The belief that a documentary is only as interesting as its subject is put to the test with the release of every new work of nonfiction to dwell on the life and almost always brief times of one of Andy Warhol’s superstars. Indeed, if Beautiful Darling: The Life and Times of Candy Darling, Andy Warhol Superstar, like Andy Warhol: A Documentary Film and Superstar: The Life and Times of Andy Warhol before it, teaches us anything, it’s that Warhol’s greatest talent was his disturbing need to surround himself with people who, like himself, had an almost pathological gift for hiding their true feelings. They made their detachment appear chic to the public, and every new documentary about them tries—and almost always fails—to expose the human face behind the only thing Warhol’s silk screens, or his collaborations with Paul Morrissey, ever showed us of their lives: the masks they wore. To be cool, they worked hard at appearing as if they didn’t care, even when they were having sex. But perhaps it’s time we acknowledged that, despite their outré appetites, Warhol’s superstars may have been legitimately boring people.
Candy Darling was among the opportunistic Warhol’s most lucrative acquisitions. What else to call her? Before calling an end of his chicks-with-dicks phase and cruelly tossing her and Holly Woodland and Jackie Curtis aside, Warhol brought Candy, nee James Lawrence Slattery, into his Factory because he saw in her a kindred spirit, and her convincingly feminine appearance and nostalgia for old Hollywood made an indelible impression on the bloodsucking Warhol’s multimedia experiments. Next to Woodlawn, whose performance in Trash was Oscar-bound for a nano second back in 1970 thanks to the concerted will—and good taste—of fellow queer George Cukor, perhaps no other Warhol superstar came closest to flirting with mainstream stardom, having been photographed by Robert Mapplethorpe, sung about by Lou Reed, and acted in a well-received play by Tennessee Williams.
Is it success or failure that Beautiful Darling, a conventionally shot mix of taking-head interviews and archival film and audio, is unable to dispel the cloud that still hangs over Candy? A boy who dreamed of being a girl and a Hollywood star, because to live any other way would have meant a nosedive toward oblivion, the Candy that barely comes to life throughout the documentary—through archival film and audio recordings, ruminations by colleagues and friends (including Fran Lebowitz), as well as diary entries read aloud by Chloë Sevigny (who sounds nothing like Candy)—feels like an archetype: just another transgendered person struggling with rejection and finding freedom by flirting with, or toying with the idea of, showbiz success. Beautiful Darline illuminates the transgendered person’s sense of tortured displacement, but Candy herself remains a mystery.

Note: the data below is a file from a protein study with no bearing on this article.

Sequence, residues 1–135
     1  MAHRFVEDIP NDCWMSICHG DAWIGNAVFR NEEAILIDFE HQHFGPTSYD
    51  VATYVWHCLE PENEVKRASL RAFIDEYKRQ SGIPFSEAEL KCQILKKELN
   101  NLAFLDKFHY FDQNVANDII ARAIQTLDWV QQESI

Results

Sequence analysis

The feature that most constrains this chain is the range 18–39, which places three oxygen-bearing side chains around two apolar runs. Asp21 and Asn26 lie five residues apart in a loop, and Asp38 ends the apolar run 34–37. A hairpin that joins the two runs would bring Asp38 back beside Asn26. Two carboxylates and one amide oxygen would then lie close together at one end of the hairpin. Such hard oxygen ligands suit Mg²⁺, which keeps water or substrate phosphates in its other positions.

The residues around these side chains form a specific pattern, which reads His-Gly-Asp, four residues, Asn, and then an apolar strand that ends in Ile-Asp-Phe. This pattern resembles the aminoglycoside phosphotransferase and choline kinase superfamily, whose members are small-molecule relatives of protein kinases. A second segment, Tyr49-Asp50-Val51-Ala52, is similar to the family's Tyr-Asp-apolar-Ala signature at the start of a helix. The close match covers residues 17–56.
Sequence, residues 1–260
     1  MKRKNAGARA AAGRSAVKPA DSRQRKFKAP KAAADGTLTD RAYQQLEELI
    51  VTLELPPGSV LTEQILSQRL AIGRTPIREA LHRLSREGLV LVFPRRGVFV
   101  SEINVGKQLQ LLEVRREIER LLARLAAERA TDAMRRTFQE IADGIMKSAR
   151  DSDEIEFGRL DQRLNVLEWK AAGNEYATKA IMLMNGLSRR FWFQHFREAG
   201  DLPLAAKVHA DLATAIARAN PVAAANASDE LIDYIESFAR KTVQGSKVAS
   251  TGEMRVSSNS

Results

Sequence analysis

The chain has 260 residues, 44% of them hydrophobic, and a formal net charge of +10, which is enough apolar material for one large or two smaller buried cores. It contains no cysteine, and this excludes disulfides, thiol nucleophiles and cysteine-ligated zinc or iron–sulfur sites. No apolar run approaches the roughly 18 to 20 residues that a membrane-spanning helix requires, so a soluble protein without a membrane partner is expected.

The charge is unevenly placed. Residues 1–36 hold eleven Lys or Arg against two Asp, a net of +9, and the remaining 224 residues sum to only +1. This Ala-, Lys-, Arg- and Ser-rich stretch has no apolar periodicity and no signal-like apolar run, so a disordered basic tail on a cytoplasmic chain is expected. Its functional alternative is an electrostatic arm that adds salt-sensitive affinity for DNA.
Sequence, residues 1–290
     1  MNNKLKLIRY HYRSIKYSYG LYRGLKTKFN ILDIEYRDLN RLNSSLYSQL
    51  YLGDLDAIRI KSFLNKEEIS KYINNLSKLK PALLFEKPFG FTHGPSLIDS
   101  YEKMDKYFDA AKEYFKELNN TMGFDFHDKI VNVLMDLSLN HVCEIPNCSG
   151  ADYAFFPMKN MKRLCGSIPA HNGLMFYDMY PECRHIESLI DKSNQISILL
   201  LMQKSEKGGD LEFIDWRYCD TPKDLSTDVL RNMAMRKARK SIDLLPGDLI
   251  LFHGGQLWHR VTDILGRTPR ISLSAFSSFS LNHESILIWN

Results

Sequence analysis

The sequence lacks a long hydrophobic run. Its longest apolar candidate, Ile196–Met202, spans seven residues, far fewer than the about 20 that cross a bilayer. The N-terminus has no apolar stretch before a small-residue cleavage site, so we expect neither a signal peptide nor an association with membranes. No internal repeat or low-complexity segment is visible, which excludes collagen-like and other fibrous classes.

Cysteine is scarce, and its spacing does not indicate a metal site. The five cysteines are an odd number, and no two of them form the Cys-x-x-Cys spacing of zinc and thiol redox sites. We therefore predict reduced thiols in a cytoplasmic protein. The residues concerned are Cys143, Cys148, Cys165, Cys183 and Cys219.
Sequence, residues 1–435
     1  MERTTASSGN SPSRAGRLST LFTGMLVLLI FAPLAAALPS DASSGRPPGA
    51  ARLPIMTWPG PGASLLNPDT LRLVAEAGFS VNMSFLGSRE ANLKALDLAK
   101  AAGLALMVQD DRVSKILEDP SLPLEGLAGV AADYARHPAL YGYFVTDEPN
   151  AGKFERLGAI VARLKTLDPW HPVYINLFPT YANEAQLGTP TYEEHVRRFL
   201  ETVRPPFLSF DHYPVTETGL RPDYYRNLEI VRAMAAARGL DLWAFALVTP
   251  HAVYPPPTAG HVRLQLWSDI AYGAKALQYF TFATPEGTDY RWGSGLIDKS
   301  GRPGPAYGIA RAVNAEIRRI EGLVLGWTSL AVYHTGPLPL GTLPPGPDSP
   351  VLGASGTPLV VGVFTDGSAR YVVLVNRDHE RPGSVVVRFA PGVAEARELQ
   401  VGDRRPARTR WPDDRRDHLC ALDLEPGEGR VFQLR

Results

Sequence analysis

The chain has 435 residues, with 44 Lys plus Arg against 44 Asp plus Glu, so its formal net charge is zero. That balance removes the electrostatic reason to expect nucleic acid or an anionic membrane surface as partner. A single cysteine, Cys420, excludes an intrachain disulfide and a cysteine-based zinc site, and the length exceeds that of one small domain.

Jeremiah Newton, now an industry liaison at NYU’s Tisch School of the Arts, once Candy’s closest friend in the world, is somewhat at the center of the film, though not center enough. His struggle to bury his friend’s ashes in Cherry Hill provides the documentary with something of a through line, but Rasin curiously retreats from Newton’s journey at key points, almost as if he were afraid to get too close to him, returning to the man irregularly, usually after some taking head has regurgitated some well-known anecdote about Warhol and the means and ways—and meanness—of the pop artist’s Factory. Maybe Newton wasn’t interesting enough to Rasin, but this much is true: The only time that Beautiful Darling hurts is when Newton appears on screen, recalling some personal story Candy told him about her life or appearing pained because he can’t provide Rasin (and us) with more personal information about Candy’s past (after her death, her mother burned what remained of Candy’s personal belongings for fear that her homophobic second husband would learn the truth about her son’s life).
A more philosophical and visceral director might have built the film completely around Newton’s search, rather than resting occasionally on it like Rasin does here, treating the man’s experience as a reckoning with his own past, poetically evoking Candy’s perpetual state of not-being and allowing her to come a little closer into focus in the process. Instead, Rasin settles for playing tidbits of audio Newton recorded shortly after Candy’s death, of her close friends and associates (like Tennessee Williams) remembering what it was like to be touched by Candy, just another out-there stray who was taken in by Andy Warhol and given a taste of joy. Settling for easy sentimentality throughout, Beautiful Darling in a roundabout way reveals how Warhol made ghosts of all his superstars, unknowable then and unknowable still to us now.